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Companies Should Pay Attention to Former Employees

Today, my friend (I consider anyone I can have a decent, useful conversation with on Twitter a friend) Kelly Kraft (@KRCraft) posted a blog asking the question “How much and what kind of a relationship do you have with former employees?” Her experience is much different than mine, though I think her conclusions make perfect sense for any organization contemplating doing as her former org did. The question is not – in my mind and, I think, in Kelly’s – whether or not to have ongoing relationships. Rather, it is what kind of relationships, and how extensive (or intimate), will they be?

KM Through Social Media

Over eight years ago, in response to a perceived need for understanding (and locating) the depth and breadth of expertise at Rocketdyne Propulsion and Power (then a division of Boeing’s Space & Communications business unit – whew!), I did some research and found a company that provided a tool that was a predecessor of many of the social media offerings of today. In my opinion they were way ahead of their time. The tool was called AskMe Enterprise and it offered profiles, Q&A threads (including forwarding, commenting by others, feedback as to quality and efficacy), file and link uploading and sharing, etc. We later had a customization added that provided for posting Lessons Learned and, about four years ago, they added a blogging capability.

Unfortunately, the larger percentage of our workforce (especially leadership and management) adamantly refused to participate. This wasn’t unexpected, however disappointing it may have been, and we continued to use the tool and work on building acceptance by example and through its ever-growing usefulness. Many years ago, I suggested we consider finding a way to stay connected with the constant flood of experienced Engineers, and others, who were retiring or moving on to other pastures. Inasmuch as we had a history of bringing some of those people back as contractors, I thought we might be able to find an inexpensive method of remaining in contact with the majority who didn’t return.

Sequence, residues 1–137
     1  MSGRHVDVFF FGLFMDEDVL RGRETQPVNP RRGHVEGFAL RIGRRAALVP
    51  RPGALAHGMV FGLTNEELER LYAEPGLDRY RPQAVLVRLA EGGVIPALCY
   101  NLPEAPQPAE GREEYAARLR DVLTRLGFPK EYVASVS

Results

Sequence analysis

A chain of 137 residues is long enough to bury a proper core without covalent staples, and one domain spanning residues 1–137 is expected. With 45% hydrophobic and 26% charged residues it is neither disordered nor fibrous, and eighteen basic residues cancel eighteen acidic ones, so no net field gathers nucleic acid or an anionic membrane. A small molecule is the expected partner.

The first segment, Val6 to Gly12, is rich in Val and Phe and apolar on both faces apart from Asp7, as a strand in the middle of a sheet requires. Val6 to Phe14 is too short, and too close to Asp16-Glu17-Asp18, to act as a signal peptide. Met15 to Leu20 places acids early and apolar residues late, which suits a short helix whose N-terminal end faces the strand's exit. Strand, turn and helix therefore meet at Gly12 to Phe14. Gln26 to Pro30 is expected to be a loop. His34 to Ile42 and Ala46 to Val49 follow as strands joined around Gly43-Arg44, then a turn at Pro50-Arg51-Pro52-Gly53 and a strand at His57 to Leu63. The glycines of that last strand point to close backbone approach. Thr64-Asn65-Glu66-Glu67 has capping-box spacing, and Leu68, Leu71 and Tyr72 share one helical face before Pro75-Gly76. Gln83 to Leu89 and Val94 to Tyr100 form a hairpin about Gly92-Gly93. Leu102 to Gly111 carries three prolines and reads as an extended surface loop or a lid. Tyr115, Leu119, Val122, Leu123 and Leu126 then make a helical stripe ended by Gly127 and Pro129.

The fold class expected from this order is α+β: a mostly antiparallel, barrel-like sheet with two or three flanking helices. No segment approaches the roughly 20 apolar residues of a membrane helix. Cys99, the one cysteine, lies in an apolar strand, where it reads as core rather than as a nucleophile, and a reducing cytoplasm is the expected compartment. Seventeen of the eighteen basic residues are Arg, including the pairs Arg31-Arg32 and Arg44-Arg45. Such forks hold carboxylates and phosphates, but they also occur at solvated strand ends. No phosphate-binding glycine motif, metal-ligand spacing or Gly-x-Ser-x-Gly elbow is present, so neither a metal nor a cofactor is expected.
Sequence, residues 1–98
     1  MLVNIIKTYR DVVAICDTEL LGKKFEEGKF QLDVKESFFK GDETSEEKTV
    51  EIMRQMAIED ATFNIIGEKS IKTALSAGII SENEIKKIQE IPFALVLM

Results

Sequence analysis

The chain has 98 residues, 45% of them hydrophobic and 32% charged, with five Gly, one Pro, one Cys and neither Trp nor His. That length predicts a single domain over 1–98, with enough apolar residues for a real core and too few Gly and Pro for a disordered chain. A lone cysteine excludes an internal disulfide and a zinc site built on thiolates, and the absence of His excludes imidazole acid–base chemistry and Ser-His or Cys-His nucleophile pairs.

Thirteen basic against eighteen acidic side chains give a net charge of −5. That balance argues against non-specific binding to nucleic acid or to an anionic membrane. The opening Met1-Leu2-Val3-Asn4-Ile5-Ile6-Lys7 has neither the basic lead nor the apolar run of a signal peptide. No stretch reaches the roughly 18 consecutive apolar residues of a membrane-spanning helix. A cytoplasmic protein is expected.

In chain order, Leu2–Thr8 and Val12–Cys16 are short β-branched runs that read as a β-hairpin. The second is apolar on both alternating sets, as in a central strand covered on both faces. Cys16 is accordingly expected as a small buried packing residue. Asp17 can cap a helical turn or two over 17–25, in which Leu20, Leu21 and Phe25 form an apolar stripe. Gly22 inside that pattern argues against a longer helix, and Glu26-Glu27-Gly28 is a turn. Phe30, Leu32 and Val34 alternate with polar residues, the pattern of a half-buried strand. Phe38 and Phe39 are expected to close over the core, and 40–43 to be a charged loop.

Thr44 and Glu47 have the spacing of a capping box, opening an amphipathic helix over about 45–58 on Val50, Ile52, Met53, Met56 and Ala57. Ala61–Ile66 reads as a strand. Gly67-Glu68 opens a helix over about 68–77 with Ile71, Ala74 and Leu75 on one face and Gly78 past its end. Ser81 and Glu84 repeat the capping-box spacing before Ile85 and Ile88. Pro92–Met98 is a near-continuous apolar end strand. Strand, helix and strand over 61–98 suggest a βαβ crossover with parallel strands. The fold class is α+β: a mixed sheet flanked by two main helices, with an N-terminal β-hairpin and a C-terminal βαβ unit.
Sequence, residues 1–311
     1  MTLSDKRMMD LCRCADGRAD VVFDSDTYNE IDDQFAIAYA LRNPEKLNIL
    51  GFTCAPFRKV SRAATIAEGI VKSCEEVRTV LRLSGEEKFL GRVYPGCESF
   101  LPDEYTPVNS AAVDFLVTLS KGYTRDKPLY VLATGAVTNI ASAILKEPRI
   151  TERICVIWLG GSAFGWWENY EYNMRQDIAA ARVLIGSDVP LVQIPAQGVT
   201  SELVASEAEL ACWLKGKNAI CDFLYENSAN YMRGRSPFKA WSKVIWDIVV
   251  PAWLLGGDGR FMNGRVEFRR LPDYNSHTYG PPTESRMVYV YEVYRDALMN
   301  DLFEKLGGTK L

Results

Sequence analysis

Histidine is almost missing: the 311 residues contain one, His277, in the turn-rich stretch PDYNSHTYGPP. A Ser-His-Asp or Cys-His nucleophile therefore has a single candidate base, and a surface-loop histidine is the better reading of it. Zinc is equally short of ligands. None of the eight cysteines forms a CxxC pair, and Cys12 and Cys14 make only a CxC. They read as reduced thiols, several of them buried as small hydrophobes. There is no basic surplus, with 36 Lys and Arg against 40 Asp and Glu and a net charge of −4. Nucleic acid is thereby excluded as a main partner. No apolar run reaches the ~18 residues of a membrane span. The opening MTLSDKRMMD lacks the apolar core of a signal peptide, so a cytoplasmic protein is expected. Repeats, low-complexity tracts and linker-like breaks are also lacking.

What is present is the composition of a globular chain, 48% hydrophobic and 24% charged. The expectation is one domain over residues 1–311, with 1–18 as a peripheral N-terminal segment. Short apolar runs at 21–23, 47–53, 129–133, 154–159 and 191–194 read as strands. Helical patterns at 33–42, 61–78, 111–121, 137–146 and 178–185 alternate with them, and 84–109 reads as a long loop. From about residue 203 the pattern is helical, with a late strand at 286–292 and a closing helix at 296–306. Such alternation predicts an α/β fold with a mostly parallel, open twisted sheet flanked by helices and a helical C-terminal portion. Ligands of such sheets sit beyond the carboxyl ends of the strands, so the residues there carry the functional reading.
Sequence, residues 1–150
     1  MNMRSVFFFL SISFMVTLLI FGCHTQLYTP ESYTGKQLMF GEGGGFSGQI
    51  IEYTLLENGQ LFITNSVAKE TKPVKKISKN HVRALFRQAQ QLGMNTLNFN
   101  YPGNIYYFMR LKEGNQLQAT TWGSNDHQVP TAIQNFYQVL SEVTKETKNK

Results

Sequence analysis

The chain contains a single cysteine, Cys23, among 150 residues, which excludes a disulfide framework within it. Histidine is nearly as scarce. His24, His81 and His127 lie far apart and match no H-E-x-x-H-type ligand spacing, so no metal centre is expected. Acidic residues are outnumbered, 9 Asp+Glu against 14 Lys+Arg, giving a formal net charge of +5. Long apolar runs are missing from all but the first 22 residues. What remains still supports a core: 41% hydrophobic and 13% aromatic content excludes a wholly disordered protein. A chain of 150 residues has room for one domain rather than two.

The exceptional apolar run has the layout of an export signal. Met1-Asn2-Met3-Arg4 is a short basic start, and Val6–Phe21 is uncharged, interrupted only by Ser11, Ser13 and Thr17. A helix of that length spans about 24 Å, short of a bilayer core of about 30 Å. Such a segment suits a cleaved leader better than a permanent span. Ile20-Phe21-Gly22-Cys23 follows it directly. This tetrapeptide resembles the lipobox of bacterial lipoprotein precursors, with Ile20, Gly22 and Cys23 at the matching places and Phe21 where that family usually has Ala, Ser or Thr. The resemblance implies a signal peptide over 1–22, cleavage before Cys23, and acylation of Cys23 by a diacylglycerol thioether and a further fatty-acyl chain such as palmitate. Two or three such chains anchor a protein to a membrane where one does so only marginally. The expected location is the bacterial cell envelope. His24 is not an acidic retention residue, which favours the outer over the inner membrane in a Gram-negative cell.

The proposal I thought made the  most sense was to provide retirees with a secure connection to our network and, as compensation for being available for questioning within AskMe, perhaps covering the cost of their Internet connection. I don’t believe anyone took this idea seriously and it essentially died on the vine.

Intellectual Property & Communication

Now here comes Kelly, pointing out how valuable her former organization, Exact Software, has found maintaining continuous relationships with former employees can be. She also addresses the issue of what kinds of relationships make sense for different types of employees. Specifically, she notes the difference between outward-facing, highly engaged employees as opposed to somewhat sequestered, internally focused employees like many of the Engineers I worked with. She is, however, right on the mark suggesting each of them can be successfully engaged.

For instance, she points to her own experience as an Implementation Consultant for Exact and the work she did in the years since, noting there probably isn’t a great deal the enterprise needs to do to engage her. She is also, I believe, referring in part to her use of Twitter to stay in touch. My Engineer friends are not terribly likely to engage using Twitter (or blogging, or anything else that public for that matter). There are considerations of IP protection they can’t afford to ignore, as well as governmental restrictions like ITAR that, contravened, will surely bite them in the ol’ behind. This can be, and has been, quite expensive and can be done somewhat inadvertently.